In Garner, this court stated that the section 113-4(e) admonishment serves as the procedural mechanism to effect a formal waiver of a defendant's right to be present. Garner, 147 Ill.2d at 483. Consequently, before a trial may proceed in absentia, the court must inform the defendant of his right to be present and the defendant must have knowingly and intelligently waived that right. Garner, 147 Ill.2d at 483. Absent such a knowing and intelligent waiver, the defendant's statutory right to be informed that he could be tried in his absence is violated. Garner, 147 Ill.2d at 483. This court also held that it is the intent of the legislature that section 113-4(e) admonishment be given at the time of arraignment and explained that the admonishment is most effective at that time when the defendant is also being informed of other significant protections, such as the right to counsel and the right to a jury trial. Garner, 147 Ill.2d at 481, 482.
This court considered in Garner whether the defendant had waived his right to receive the section 113-4(e) admonishment because he had signed a bond slip that contained a printed notice warning him of the penalty of his failure to be present at trial. Garner, 147 Ill.2d at 478. We rejected that argument after reviewing the bond slip and noting that while it provided a warning of the penalties for failure to appear, it did not provide any warning of the possibility of trial in absentia. Garner, 147 Ill.2d at 478. We observed that:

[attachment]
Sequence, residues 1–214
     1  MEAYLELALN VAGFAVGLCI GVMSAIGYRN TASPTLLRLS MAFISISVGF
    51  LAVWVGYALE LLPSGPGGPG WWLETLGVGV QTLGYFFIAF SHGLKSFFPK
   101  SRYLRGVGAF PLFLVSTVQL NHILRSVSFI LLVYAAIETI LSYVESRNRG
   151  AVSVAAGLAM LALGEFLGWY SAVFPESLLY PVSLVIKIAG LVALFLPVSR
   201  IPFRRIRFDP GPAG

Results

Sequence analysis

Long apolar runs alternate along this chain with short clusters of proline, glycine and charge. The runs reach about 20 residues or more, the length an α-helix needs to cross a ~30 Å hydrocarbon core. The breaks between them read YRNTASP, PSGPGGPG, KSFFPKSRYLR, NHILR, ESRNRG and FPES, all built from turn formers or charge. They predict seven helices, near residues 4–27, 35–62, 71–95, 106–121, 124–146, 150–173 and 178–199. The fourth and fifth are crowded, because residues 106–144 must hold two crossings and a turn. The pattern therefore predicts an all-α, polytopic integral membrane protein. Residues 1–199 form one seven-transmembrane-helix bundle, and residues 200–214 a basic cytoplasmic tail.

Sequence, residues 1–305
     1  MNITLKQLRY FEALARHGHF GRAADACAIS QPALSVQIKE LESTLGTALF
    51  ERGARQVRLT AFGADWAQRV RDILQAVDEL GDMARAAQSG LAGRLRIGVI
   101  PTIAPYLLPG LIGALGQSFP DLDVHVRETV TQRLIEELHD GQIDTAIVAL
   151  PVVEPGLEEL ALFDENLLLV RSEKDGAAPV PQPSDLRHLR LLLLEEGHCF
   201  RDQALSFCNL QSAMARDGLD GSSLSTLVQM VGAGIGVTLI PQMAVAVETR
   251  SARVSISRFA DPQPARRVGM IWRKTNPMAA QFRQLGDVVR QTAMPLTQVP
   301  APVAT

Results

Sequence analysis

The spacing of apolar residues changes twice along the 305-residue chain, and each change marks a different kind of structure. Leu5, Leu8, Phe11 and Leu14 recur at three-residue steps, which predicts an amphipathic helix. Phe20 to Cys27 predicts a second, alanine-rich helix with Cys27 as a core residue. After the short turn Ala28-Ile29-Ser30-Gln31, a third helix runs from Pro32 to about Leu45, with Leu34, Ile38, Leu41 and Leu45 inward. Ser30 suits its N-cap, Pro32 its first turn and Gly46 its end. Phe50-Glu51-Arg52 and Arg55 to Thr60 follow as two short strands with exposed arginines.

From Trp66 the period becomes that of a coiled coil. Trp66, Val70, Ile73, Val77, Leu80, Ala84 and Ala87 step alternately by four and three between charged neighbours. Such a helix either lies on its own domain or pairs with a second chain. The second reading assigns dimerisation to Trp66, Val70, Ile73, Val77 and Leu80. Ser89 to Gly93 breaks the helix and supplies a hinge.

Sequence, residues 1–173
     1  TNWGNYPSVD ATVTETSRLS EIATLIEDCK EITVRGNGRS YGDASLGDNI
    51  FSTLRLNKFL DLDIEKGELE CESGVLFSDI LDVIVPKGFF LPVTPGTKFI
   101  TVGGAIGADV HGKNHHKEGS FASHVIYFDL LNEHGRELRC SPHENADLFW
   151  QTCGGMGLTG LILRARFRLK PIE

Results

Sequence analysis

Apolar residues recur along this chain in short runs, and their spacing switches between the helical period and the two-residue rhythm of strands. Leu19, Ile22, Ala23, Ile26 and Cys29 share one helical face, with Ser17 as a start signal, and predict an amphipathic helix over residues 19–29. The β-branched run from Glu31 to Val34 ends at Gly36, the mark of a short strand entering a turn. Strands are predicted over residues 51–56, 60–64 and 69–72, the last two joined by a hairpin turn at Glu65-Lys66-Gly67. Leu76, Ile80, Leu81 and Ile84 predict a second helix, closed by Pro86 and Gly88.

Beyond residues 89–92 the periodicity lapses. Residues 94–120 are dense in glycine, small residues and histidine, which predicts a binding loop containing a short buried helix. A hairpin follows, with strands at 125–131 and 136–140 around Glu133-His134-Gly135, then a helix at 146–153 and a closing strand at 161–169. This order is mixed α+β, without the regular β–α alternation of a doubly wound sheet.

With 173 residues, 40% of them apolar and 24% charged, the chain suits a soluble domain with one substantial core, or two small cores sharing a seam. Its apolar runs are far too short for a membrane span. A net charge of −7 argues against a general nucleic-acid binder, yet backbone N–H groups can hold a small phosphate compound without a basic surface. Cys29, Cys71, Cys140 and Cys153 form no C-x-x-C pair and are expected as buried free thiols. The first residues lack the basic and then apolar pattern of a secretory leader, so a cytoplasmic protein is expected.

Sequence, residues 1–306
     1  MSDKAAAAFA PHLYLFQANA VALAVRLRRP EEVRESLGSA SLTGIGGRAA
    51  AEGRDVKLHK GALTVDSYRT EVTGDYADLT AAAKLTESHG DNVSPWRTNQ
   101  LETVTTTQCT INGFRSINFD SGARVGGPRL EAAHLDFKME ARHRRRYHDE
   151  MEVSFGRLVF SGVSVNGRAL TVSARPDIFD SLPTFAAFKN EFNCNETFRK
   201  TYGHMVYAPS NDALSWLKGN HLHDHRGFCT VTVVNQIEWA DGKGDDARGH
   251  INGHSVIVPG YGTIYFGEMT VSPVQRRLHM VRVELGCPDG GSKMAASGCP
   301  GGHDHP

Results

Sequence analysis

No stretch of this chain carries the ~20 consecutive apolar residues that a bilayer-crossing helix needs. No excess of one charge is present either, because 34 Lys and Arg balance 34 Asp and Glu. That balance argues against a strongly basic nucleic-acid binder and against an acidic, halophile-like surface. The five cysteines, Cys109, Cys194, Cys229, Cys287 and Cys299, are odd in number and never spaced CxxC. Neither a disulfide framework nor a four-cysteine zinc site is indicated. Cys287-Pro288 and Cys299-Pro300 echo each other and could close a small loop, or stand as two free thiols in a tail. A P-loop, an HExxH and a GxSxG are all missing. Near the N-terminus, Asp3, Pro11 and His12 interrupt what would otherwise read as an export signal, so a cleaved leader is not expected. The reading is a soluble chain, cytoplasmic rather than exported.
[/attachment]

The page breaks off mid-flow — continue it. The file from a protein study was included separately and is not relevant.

“Noticeably absent from the slip, however, is any warning of the possibility of trial in absentia. Thus, we find that the bond slip does not satisfy the requirement of section 113-4(e). Cf. 17 Ariz.Rev.Stat. Ann., Form VI, at 737 (1987) (warning of possibility of trial in absentia included on bond slip which defendant was required to sign upon release).” Garner, 147 Ill.2d at 478-79.
While this court was not prepared to say that no set of circumstances would result in the waiver of a defendant's right to receive the admonishment in court, we ultimately concluded that the trial court committed reversible error by failing to admonish the defendant pursuant to section 113-4(e) at the time of his arraignment. Garner, 147 Ill.2d at 480, 483-84.
The State's position in this case has been rejected in two appellate court decisions. In People v. Lester, 165 Ill.App.3d 1056 (1988), the defendant was tried and sentenced in absentia, and at no time did the trial court orally admonish him of the possibility of trial in his absence. Similar to this case, the State maintained that the defendant had adequate notice of the possibility of trial in his absence because the admonishment was contained on printed bond slips which the defendant was twice required to execute. The Lester court concluded that section 113-4(e) unambiguously requires the trial court to orally admonish the defendant in court and that the complete failure to comply with this portion of the statute did not constitute sufficient compliance with the Code. Lester, 165 Ill.App.3d at 1057-59. The Lester court also found that “[b]ecause waiver assumes knowledge, a defendant who has not received notice of the possibility of trial in absentia cannot be deemed to have knowingly waived his right to be present at trial.” Lester, 165 Ill.App.3d at 1059.